What caused Detroit Grand Prix track problems? - Boston News, Weather, Sports | FOX 25 | MyFoxBoston

What caused Detroit Grand Prix track problems?

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Roger Penske talks about track problems at the Detroit Grand Prix at a press conference.  (Credit: WJBK | myFOXDetroit.com) Roger Penske talks about track problems at the Detroit Grand Prix at a press conference. (Credit: WJBK | myFOXDetroit.com)

More than 100,000 people came to the Grand Prix.  It's no secret it didn't go exactly as planned, but racing fans know what happened here could happen anywhere, and Roger Penske is already working on a fix for next year.

"We have a rain delay sometimes in baseball.  We had a little track delay in Detroit," said Penske.

In the racing world, it's as simple as that.  Chunking asphalt caused a two hour delay at the Grand Prix main event, but track delays happen in every racing series.

The cars are vacuums with maximum traction tires made to stick to the ground like a suction cup pulling up asphalt and spitting it out and recent weather only made it easier.

"Back on Memorial Day, we had a daytime high of 95 degrees.  That was a record high for that day, and then last Friday we had 62 for a high with rain," said Fox 2 Weather Authority Rich Luterman.  "The rain cools buildings off and the pavement off, so from a high of 95 to a high of 62 with rain is a big swing."

Then there's the fact that it's not a dedicated race track.

"The streets are not used a lot and there's the heaving with the cold and the weather, and with the suction of the cars and the cornering power pulled up some of the places where we had done the work.  We had saw that some of those areas needed work and we put down pavement.  Obviously, it wasn't enough," Penske said.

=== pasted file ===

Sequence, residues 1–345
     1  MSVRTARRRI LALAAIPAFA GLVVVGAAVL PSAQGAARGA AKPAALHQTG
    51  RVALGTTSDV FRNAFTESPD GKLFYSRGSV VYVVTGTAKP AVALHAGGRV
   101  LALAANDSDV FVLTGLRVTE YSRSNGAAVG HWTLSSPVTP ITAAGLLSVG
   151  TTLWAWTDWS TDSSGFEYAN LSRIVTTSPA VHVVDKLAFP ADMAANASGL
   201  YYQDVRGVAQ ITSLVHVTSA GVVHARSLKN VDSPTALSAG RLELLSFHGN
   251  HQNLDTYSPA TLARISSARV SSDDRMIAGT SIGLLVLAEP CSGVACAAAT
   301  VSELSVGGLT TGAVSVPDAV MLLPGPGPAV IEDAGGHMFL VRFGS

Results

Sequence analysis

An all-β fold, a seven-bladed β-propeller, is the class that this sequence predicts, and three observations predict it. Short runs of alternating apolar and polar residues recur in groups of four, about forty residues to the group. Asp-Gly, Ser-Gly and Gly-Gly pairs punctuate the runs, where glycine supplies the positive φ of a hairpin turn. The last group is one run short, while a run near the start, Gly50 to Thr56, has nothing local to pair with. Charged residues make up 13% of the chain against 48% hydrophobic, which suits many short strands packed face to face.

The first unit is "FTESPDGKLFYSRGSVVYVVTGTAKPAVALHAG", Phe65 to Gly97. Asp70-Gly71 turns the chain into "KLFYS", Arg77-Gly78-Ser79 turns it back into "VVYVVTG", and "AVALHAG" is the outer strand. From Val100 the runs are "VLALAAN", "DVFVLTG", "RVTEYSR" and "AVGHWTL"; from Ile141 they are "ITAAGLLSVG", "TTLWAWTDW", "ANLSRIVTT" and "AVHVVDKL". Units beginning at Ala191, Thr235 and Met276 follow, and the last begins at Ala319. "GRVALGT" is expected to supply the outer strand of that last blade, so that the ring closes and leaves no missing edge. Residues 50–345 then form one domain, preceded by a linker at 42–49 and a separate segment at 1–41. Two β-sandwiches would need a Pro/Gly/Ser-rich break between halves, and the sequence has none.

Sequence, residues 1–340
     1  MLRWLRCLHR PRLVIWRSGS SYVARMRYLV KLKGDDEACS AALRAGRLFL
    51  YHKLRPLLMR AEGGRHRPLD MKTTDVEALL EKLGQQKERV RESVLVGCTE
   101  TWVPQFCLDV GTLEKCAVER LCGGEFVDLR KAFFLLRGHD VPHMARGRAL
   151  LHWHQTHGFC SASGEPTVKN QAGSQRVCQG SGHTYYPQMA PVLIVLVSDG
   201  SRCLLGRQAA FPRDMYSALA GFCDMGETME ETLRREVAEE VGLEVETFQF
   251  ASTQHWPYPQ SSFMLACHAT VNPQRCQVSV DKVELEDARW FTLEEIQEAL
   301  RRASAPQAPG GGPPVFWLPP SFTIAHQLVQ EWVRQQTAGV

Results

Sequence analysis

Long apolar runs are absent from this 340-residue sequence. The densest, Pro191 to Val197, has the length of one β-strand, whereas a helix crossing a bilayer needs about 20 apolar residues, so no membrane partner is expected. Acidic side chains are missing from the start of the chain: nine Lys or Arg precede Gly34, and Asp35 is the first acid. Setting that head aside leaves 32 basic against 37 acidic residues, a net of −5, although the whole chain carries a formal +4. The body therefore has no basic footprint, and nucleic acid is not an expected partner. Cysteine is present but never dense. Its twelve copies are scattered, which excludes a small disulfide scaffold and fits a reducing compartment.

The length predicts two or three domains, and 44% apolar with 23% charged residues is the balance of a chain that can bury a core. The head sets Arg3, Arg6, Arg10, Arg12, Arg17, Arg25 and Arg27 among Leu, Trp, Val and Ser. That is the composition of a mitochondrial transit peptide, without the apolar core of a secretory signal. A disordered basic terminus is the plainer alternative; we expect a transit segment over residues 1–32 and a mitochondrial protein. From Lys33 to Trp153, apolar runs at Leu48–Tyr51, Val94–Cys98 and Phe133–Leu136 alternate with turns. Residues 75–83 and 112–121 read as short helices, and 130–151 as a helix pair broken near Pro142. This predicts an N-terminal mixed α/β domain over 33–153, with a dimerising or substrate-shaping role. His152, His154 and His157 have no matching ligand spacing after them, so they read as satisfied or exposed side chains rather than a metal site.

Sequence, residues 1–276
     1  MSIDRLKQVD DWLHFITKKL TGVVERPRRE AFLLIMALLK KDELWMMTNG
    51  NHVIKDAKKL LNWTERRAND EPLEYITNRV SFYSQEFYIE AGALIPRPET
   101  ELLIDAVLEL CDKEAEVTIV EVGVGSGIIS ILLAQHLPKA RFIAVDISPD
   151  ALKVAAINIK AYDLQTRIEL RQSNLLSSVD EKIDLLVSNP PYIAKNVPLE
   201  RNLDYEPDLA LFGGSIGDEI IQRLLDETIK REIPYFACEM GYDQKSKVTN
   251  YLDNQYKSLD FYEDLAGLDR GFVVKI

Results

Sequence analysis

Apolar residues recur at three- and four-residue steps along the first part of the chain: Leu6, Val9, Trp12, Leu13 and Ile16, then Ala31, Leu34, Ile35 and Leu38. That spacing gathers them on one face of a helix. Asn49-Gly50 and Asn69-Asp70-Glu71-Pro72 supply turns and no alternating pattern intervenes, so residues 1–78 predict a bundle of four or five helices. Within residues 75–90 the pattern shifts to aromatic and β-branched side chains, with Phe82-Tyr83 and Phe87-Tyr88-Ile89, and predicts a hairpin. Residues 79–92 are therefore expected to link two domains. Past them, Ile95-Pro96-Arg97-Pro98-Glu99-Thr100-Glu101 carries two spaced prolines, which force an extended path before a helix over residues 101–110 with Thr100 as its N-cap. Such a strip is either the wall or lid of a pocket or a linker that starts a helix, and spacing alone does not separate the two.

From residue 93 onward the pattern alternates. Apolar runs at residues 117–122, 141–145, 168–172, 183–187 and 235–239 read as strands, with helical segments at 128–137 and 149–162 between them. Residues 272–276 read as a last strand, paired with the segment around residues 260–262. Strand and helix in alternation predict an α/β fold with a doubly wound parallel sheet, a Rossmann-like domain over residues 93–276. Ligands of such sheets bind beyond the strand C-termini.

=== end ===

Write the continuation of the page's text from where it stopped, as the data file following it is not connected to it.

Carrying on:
This was a big moment for the City of Detroit on the national stage for something good.  More than 140 buses shuttled racing fans to their seats and Penske says those fans pumped $50-million into the local economy.

"The people were happy and to me that was a deliverable that I wanted and we showcased our city in a very positive way."

Part of the track for next year's Grand Prix will be half a mile longer to make passing easier and they'll pay special attention to this year's problem spots.

"What we'll do is go back out onto the track and we'll try to get some funds in order to be able to replace those areas which we know are a negative, but that's very easy to fix.  I wish I knew it was going to happen on Friday.  We probably would've fixed it for Sunday," said Penske.

But you know what they say, you can't cry over spilt ethanol.

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